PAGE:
Desperate to find John, Alfred asked every one he saw, “Have you seen my brother?” He was told, finally, that a man of John’s description had left long before with an Indian, heading towards the Sandia Mountains east of town.  They had not been seen since. Alfred outfitted himself for the search, rented a horse, and set out.


He rode up one canyon after another tirelessly in his search for John. At long last, he came upon John’s camp.  The Indian was cooking and tending to John.  John had not regained his health; instead tuberculosis had debilitated him.  Alfred begged John to come home with him.  John said, “Not now, but soon I will come.” With great reluctance, and heavy heart, Alfred returned to his family.


Daughter Thelma had just turned five, but remembered the day of John’s return, December 9, 1905.  A telegraph operator called their home, giving notice that John was on an in-coming train, near death. He would be helped off at the Bates City depot.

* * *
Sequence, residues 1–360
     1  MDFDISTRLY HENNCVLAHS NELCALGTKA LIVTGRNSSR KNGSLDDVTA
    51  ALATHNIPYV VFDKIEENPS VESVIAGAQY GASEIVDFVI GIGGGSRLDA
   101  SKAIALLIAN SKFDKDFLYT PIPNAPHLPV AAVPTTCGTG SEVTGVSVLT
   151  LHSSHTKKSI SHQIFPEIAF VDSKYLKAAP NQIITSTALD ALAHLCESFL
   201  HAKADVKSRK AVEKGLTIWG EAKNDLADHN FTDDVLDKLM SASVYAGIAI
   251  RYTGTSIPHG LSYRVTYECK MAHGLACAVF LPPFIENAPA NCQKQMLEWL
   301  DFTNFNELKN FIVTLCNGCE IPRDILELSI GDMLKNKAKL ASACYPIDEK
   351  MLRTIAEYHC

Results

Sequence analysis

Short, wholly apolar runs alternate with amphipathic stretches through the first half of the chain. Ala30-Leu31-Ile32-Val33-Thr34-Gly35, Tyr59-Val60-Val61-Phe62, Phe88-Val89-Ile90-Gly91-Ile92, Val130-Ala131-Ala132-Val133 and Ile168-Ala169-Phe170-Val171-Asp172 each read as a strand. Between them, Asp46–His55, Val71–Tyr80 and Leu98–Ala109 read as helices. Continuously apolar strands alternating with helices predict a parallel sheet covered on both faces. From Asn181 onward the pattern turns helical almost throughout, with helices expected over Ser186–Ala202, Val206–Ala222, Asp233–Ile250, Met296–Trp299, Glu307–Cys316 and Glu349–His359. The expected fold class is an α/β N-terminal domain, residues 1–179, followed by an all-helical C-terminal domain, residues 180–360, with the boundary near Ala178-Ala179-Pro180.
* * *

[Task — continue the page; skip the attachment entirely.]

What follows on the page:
Alfred rode away at a gallop.  Callie gathered the four children, hitched the horses to the wagon, and drove at a fast clip over the rutted road.  Bates City was only a “wide place in the road,” with the little depot, a tiny post office, and a house or two.  As the family approached, Alfred came out of the house next to the depot, and shook his head. John had died, but had held on long enough for Alfred to hold him for his last breath.


Over the next few years, Alfred continued to develop his property. He was a talented architect and builder and an able mathematician.


He would design and erect a fine-two-story home, a three-bay carriage house with loft, smoke house, hen house, cold cellar, privy, wells, windmill, and a large four-level barn with gambrel roof. 4.